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Wednesday, May 29, 2024

UF students create app to connect Student Government with student body

They launched the app to increase student government transparency

Akshat Pant (left) and Nishant Nagururu (right) promote Candor, an app that connects UF students to Student Government, at the Curtis M. Phillips Center on Saturday, Aug. 26, 2023.
Akshat Pant (left) and Nishant Nagururu (right) promote Candor, an app that connects UF students to Student Government, at the Curtis M. Phillips Center on Saturday, Aug. 26, 2023.

Some students stay up to date with UF Student Government through various social platforms, like Instagram and Yik Yak, and word of mouth. However, students may feel as though the issues they are passionate about don’t get adequate attention.  

Akshat Pant, a 20-year-old UF computer science junior, and Nishant Nagururu, a 19-year-old UF computer science sophomore, had a vision to design an application streamlining students’ connection with SG.

The app is called Candor — meaning open, honest and sincere. Pant and Nagururu picked the name after realizing they wanted to make an app providing those qualities to the student body. 

The app gives students the opportunity to write to SG members directly about initiatives they would like to see on campus. 

Constituents can post proposals targeting local issues and can also comment on issues they care about. As representatives work to accept or implement proposals, they will post status changes, according to Candor’s website. 

Pant and Nagururu are childhood friends who have known each other since they were 5 years old and share a love for computer science.

They worked on Candor alongside other co-founders who attend UF and other universities like Georgia Tech including Srikar Parsi, Ati Jain, Tanuj Dunthuluri and Rishi Bengani.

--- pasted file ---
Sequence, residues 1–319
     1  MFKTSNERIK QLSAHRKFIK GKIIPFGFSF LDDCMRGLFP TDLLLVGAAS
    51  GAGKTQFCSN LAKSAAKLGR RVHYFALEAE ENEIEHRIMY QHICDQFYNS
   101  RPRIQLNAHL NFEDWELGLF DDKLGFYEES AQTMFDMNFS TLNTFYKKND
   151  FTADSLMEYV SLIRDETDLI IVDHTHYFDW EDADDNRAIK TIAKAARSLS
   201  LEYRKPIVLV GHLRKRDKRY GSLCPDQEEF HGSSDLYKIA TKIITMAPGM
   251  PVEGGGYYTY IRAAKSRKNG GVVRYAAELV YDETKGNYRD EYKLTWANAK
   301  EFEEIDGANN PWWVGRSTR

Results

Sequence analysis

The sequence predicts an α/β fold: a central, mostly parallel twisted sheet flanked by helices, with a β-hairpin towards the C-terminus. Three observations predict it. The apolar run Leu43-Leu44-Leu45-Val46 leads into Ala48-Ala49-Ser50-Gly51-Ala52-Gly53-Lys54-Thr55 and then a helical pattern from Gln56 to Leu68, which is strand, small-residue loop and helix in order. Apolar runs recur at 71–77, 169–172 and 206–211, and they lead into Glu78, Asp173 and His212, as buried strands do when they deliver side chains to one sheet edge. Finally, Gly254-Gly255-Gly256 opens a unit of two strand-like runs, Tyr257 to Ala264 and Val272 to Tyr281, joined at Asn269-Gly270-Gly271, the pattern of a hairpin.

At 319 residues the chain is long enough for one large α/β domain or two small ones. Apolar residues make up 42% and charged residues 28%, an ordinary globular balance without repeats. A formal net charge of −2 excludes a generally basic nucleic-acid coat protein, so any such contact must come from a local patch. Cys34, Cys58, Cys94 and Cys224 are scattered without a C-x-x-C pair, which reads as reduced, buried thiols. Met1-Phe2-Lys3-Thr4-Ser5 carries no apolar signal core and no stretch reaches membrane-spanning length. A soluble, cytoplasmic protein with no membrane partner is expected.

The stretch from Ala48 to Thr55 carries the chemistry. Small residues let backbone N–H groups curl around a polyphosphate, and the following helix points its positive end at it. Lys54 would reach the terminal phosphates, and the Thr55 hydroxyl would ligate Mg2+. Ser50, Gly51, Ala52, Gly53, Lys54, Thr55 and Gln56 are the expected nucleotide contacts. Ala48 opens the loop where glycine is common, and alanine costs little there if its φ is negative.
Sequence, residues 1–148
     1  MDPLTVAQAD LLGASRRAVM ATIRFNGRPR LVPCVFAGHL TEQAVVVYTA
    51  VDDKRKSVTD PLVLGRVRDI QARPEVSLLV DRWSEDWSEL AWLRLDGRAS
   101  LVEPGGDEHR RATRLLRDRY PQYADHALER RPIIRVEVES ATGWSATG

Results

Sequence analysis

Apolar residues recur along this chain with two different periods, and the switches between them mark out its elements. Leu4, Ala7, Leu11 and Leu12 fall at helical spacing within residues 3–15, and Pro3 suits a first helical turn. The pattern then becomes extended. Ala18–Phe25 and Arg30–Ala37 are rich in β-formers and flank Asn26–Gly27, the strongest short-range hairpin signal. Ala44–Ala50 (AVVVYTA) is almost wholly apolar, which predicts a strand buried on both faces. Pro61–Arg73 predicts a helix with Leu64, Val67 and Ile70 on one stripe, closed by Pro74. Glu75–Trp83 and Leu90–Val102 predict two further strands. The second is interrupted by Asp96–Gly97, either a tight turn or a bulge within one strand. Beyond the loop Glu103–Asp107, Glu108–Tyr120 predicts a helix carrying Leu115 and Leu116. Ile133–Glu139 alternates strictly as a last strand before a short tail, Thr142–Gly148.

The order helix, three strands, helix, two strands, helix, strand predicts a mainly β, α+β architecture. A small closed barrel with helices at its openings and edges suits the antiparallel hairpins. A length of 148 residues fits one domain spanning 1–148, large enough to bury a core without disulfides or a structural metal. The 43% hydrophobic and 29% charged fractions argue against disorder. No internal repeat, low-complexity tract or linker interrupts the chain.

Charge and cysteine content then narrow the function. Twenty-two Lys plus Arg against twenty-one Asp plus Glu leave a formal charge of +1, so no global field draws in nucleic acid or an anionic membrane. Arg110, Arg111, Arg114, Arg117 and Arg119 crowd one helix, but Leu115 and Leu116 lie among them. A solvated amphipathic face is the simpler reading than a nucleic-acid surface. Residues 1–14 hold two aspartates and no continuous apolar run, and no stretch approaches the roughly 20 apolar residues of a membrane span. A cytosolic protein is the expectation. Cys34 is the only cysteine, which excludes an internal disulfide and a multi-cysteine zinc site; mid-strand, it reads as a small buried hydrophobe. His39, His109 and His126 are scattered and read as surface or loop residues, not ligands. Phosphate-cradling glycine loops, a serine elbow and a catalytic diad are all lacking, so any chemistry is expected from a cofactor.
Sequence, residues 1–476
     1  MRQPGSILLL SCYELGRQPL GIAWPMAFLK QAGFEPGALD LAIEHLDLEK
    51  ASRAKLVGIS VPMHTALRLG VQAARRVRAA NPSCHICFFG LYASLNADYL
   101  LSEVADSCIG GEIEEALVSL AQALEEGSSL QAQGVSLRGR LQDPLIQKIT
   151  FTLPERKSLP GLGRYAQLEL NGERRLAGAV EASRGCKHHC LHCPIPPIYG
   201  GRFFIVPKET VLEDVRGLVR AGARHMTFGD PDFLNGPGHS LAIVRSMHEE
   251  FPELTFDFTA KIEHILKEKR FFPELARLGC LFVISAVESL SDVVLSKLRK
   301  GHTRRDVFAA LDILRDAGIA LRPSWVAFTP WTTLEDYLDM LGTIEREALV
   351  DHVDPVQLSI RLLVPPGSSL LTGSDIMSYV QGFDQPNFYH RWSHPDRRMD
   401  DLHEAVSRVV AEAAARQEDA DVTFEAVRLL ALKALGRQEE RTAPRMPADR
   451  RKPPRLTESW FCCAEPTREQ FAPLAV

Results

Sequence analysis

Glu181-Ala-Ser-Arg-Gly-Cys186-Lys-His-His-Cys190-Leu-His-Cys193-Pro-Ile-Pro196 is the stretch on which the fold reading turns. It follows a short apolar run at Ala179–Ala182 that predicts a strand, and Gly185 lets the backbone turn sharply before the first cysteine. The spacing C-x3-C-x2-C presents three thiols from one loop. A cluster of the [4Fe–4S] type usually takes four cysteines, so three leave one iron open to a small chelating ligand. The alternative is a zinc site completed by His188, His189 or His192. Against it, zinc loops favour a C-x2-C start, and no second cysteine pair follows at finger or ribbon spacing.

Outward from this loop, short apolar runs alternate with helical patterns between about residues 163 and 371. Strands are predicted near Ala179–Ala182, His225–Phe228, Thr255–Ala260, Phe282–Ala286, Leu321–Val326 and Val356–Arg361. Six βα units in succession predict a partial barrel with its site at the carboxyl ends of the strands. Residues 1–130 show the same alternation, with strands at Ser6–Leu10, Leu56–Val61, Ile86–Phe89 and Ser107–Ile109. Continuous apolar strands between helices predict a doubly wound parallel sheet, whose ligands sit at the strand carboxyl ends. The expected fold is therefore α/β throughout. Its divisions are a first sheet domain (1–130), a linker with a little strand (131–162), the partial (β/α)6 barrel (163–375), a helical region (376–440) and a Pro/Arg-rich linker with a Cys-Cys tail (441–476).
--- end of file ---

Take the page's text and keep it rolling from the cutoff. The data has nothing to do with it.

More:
It’s an all-in-one app made to allow UF students to propose changes to Senators, collaborate with other students and stay updated on active legislation. 

Candor’s main mission is achieving transparency and communication, Nagururu said . 

“Student Government impacts every single student,” Nagururu said. “We wanted to make sure students had their voices heard.”

Pant said he and his team felt as though other social media platforms were not providing direct change, leading them to create Candor to put students and leaders on a singular platform. 

The app provides a progress bar on the top of every proposal, allowing users to see how far along bills or measures are. 

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“[The progress bar] can allow ideas to be formed [and] criticisms to be made, but [also] to form something tangible,” Pant said.

Another feature provided by the app includes a comprehensive leader profile, which allows students to quickly grasp what Senators have done for their communities. 

Kevin Avaiya, a 19-year-old UF psychology junior, heard about Candor through a friend. Avaiya was drawn to the app by the idea students could firsthand submit proposals they felt passionate about. 

“I look back and I think of some of the issues with UF and SG but I feel as though my voice is not conveyed enough,” Avaiya wrote. “Parking is an issue to this day for UF. The fact that we have so many students with cars and scooters and very limited parking is unfair.”